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Friday, April 13, 2012

Friday the Threeteenth?

Why, other than because of general English perversity, do we say "third" and "thirteen" rather than "threed" (or even "threeth") and "threeteen"?

This is an example of what is called metathesis, where speakers switch around the order of sounds in a word. You'll be wanting to tell all your friends about this, so you should know that metathesis is pronounced "muh TATH uh sis". Metathesis is how "asterisk" becomes "asterix" and "pretty" becomes "purty", but before you get all huffy about how you would never be so sloppy in your pronunciation, consider that the word "wasp" was originally "waps". 

So, back to "three". The ordinal number was indeed "thrid" (pronounced "threed") in Old English and indeed was the prevalent form till the 1500s. But up in Northumberland, a metathesized form, "third", cropped up as early as the 950s and gradually made its way south till it established itself as the standard form. This apparently also affected "threeteen", which was the only form until the 1400s, but by 1700 had entirely lost out to the metathesized upstart.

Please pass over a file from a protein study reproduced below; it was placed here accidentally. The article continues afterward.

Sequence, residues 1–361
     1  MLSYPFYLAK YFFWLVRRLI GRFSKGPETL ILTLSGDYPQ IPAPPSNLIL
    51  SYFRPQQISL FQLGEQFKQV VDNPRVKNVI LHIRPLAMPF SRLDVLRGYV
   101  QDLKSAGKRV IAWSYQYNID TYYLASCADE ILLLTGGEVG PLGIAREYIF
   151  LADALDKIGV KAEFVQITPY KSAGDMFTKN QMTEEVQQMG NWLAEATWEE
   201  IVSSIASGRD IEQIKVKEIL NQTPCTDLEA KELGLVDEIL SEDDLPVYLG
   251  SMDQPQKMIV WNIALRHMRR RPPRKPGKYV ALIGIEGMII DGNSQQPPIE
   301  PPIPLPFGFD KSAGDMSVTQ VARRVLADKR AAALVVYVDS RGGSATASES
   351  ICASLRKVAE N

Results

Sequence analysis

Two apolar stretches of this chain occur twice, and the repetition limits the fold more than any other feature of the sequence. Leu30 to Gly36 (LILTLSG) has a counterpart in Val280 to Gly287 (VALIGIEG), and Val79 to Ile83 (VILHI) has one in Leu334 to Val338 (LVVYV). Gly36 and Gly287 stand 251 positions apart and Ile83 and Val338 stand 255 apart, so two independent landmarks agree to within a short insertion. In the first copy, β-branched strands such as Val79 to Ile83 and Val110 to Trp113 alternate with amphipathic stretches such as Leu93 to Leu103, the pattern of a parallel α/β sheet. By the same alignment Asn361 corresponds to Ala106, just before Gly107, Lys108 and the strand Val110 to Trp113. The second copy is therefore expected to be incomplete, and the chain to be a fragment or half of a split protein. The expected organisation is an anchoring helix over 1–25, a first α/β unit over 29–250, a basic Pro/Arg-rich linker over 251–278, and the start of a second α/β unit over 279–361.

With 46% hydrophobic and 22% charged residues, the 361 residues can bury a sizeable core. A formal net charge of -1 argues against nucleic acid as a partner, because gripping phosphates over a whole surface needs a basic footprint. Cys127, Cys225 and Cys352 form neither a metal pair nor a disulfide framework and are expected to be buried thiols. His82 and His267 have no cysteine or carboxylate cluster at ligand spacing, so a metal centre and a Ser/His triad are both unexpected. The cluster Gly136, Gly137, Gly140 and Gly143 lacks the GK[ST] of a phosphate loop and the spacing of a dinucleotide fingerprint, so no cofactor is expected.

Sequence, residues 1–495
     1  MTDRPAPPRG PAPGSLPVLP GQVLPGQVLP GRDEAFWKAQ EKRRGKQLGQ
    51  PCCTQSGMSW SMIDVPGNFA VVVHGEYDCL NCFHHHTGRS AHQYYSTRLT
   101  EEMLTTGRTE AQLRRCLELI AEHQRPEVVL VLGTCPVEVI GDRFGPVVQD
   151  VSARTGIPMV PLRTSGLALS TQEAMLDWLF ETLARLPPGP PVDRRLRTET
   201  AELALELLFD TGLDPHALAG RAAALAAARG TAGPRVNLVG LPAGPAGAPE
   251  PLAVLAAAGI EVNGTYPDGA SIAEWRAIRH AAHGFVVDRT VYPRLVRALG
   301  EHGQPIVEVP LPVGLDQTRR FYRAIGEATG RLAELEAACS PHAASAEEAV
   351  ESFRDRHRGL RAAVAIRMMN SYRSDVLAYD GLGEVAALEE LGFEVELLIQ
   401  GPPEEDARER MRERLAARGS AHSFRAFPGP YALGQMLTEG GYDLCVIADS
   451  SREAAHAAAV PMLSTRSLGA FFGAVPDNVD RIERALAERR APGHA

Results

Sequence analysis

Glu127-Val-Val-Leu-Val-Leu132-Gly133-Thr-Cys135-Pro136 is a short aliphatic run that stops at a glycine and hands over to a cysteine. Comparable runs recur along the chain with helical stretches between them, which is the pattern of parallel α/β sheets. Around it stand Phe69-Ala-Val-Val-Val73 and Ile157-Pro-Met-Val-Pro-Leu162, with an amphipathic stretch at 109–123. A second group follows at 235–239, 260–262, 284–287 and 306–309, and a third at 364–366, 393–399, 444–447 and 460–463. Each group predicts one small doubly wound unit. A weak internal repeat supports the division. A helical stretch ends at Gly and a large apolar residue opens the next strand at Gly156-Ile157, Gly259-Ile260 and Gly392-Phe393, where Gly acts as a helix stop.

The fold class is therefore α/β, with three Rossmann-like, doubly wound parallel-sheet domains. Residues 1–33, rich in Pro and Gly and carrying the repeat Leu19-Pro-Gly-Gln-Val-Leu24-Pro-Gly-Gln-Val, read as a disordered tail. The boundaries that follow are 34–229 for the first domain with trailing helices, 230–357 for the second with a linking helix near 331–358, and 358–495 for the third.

For an explanation of why the ordinal of "one" is "first", click here 
For the story on "second", see this post: 

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  1. I think we metathesize to a form that's easier to pronounce. A case in point might be the Jamaican "aks" for "ask".

    1. For the story on "ask", see this post: http://katherinebarber.blogspot.ca/2012/07/is-ask-noun.html


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Canada's Word Lady, Katherine Barber is an expert on the English language and a frequent guest on radio and television. She was Editor-in-Chief of the Canadian Oxford Dictionary. Her witty and informative talks on the stories behind our words are very popular. Contact her at wordlady.barber@gmail.com to book her for speaking engagements; she can tailor her talks to almost any subject. She is also available as an expert witness for lawsuits.